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Minnesota National Guard
Go Home can be toughest order

Almost 9,000 Minnesota female vets have served in the Middle East, dodging snipers alongside the men Finding a place for them is tough - in both military and civilian life

The sound of children's laughter burbles from across a park, and Mary Horgan suddenly is back behind the wheel of the hulking Humvee, navigating the narrow streets of an Iraqi village, terrified that one of the surging, smiling kids is being crushed beneath her wheels

"One time I know I saw a father pull a 2-year-old out of the way just in time," she said "I looked out at him, like, 'I'm so sorry,' and he just glared at me like, 'Why are you here?'"

The trucks never stopped rolling Look Observe Move Those were the convoy's standing orders -- emphasis on move "The young females, the ones with no kids, they were always, 'Go, go, go!' And I'm thinking, I'm worried about a kid in America Why shouldn't I worry about kids here?"

Horgan shifted in the café booth "I don't know if I ever hit a kid," she said carefully The ballsy soldier, who still wears her dog tags, suddenly was as tepid as her neglected tea "When I was going to war, it was to fight bad guys You're never told that there will be kids"

Women now make up about 15 percent of the armed forces and account for almost 8 percent of veterans, a number that's almost doubled in less than 10 years, according to the US Department of Veterans Affairs As more women return home, it's becoming more clear that returning to civilian life can be different for them than for men

They tend to shun veterans' services, and even counseling, often not considering themselves vets if they haven't been in direct combat Even Horgan brushes off her convoy duty through bomb-rigged territories: "I didn't really do anything," she shrugged

Yet the jarring nature of coming home also can lead to behaviors familiar to many troubled vets After her return, Horgan began drinking more, then driving at all hours, driving fast at 3 or 4 in the morning and drunk, so drunk "But I felt so alive," she said "It was all adrenaline I always got home safely because this -- driving -- was something I knew how to do really well"

By KIM ODE, Star Tribune
Last update: November 28, 2010 - 8:11 PM


Article source, with video
http://www.startribune.com/local/110946589.html?page=1&c=y



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Posted: 2018-01-18  12:59 PM
Gen. Augustus Blocksom Decorated veteran Augustus Blocksom was a man of his time, but times were changing. He exemplified Progressive Era America prior to the Great War. Blocksom participated in all the major US Army campaigns for nearly a half-century. He fought American Indians, Spaniards, Chinese and Filipinos. He brought that experience to Camp Cody, New Mexico where he assembled units from across the mid-West to form the 34th Infantry Division in 1917.



Iowa Red Bull takes command of 34th Infantry Division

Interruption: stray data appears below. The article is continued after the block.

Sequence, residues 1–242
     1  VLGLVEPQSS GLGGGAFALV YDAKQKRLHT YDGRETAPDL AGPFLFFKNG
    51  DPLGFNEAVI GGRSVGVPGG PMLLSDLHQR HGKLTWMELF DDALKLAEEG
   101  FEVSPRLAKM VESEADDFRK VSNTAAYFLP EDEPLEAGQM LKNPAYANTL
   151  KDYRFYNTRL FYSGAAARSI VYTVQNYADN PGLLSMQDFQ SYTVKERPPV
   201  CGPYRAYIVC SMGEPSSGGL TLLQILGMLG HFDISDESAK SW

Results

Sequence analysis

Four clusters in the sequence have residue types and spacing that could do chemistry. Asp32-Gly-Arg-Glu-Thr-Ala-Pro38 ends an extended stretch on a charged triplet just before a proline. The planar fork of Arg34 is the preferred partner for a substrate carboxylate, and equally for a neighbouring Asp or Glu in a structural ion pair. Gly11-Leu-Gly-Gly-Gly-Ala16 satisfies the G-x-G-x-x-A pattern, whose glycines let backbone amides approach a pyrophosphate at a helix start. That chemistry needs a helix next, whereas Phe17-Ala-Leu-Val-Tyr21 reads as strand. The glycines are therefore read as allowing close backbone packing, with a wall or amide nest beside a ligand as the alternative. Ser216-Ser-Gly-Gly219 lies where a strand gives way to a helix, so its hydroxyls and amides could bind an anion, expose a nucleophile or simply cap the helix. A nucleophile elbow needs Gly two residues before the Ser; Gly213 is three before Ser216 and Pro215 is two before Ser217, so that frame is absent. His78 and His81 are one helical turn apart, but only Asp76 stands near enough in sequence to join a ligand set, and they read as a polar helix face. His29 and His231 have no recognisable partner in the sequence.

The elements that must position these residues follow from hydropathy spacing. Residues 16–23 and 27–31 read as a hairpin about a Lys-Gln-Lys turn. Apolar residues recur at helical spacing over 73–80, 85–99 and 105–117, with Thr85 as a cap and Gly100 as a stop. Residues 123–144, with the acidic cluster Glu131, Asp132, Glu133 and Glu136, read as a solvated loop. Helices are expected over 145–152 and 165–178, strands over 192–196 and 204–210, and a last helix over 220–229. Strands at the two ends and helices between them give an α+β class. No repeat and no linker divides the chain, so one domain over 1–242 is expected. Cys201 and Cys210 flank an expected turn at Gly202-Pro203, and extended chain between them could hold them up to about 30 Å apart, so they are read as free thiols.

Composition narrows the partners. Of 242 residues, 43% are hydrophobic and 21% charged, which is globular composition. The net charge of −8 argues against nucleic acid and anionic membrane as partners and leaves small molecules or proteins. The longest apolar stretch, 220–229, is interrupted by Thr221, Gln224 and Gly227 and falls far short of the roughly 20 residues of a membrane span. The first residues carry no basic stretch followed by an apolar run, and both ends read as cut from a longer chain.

Posted: 2017-12-13  10:11 AM
Minnesota National Guard JOHNSTON, Iowa - Brig. Gen. Benjamin J. Corell, Deputy Adjutant General of the Iowa National Guard, assumed command of the 34th Infantry Division "Red Bulls" during a ceremony in Rosemount, Minnesota, on December 9, 2017.

Headquartered in Minnesota, the division has been commanded almost-exclusively by members of the Minnesota National Guard since 1968.

"Typically there's been very few people who have been allowed to command the 34th Infantry Division that didn't come from the state of Minnesota," Corell said.



Minnesota-based aviation unit honors storied division, enters into new, 'expeditionary' era

Posted: 2017-12-12  11:29 AM
Minnesota National Guard ST. PAUL, Minn. - Soldiers of the Minnesota National Guard's 34th Expeditionary Combat Aviation Brigade (ECAB), who recently celebrated a year full of achievements, have embraced a new name: Red Devils.

The St. Paul-based unit hosted its annual aviation brigade ball Dec. 9, at the Envision Event Center in Oakdale, Minnesota, where the unit's new logo was unveiled.

Soldiers of the 34th ECAB, which falls under and supports the 34th Red Bull Infantry Division, will continue to wear the Red Bull insignia on their uniforms. However, they will now be known and referred to as the Red Devils, a name that pays homage to the division's historical accomplishments and fierce warfighting.



Minnesota Nice Extends to Puerto Rico

Posted: 2017-12-08  12:08 PM
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Eleven of those Airmen are from the Minnesota National Guard's 148th Fighter Wing out of Duluth, Minn. and the 133rd Airlift Wing out of St. Paul, Minn., are no exception in their desire to lend a helping hand. They have been at Camp Santiago, Puerto Rico, since before Thanksgiving and will leave around mid-December. Their mission is to feed military and civilian hurricane relief workers, giving them the much-needed fuel to complete their mission throughout the day.



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